Carbon Digital has a long history with Creative England that spans everything from business loans to being featured as one of our CE50 and Future Leaders. In 2020/21, the Creative Enterprise New Ideas Fund helped them create a bespoke augmented reality app designed to enhance the viewing experience of new episodic crime drama series – and as McHugh attests, Creative England’s ongoing support has been integral in successfully developing and elevating the company. “We’ve always thought of Creative England as a good place to get some advice and connect to the people we want to connect to help get the business going. They just want to see companies flourish – so if they can help facilitate a useful connection with somebody, they will. I’d definitely recommend them to anybody starting off who wants to make the journey easier. Business is hard,” he admits, “but when you’ve got access to the people at Creative England, it’s going to make things easier. There’s a lot of resources there.”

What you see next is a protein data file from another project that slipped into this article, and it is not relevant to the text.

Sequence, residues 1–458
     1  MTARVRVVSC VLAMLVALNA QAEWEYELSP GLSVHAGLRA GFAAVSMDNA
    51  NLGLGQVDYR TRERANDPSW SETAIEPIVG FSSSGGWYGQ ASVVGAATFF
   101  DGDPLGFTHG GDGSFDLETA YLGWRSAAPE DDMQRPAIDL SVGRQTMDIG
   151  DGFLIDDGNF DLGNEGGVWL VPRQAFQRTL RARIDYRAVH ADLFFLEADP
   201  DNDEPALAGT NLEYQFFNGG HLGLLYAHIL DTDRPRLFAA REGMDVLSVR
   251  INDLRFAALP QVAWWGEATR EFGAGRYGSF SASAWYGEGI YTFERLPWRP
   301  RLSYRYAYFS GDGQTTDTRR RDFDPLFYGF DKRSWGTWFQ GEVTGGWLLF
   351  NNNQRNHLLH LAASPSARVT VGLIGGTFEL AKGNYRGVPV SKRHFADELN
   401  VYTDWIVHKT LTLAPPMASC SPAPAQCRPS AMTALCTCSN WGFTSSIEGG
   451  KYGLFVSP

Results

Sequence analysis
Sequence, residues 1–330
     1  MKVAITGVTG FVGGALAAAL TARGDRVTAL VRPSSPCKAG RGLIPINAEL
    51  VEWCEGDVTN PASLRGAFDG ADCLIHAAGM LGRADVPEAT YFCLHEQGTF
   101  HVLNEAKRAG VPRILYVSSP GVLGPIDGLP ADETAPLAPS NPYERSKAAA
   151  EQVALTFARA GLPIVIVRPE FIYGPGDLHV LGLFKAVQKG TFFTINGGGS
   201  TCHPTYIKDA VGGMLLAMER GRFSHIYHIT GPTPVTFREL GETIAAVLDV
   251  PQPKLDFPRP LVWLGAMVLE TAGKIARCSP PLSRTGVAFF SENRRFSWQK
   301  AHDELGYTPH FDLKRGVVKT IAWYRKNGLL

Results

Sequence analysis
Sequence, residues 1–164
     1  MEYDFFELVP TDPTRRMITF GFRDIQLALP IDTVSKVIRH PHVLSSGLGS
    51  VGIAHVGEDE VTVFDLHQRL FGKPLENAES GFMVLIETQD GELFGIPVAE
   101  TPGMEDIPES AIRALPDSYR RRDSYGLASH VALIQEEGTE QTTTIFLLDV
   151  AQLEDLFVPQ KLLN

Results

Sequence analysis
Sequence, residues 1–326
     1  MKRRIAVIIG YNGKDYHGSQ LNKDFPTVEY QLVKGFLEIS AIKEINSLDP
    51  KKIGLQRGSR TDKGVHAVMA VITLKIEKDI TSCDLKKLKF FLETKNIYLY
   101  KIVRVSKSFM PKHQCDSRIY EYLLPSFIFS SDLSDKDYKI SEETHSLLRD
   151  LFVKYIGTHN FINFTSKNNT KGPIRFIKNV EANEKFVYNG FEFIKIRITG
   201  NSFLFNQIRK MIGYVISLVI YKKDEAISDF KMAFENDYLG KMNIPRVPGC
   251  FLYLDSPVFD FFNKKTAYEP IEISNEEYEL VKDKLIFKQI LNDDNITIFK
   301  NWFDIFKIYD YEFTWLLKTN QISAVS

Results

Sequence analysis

With Creative England playing a part in the creation of their new Recode XR Studio, Carbon Digital’s success is the success of the overall creative industries in the UK – and their future looks bright. “If you can imagine it and build it, then you can shoot in it,” reasons McHugh, pondering the limitless possibilities of virtual production in a post-pandemic world. “When it comes to travel, we can create any environment – whether that’s South Africa, Hong Kong or whatever you need. We can create that in Manchester so travel budgets are massively reduced,” he adds. “You could jump on a plane, fly to LA and shoot in a $20 million mansion at cost – or you can do it on a wall in Trafford Park,” laughs McHugh. “It’s almost as glamorous – and you’ve saved a fortune!”.
Creative Enterprise New Ideas Fund is currently open to applications, please click here for more information.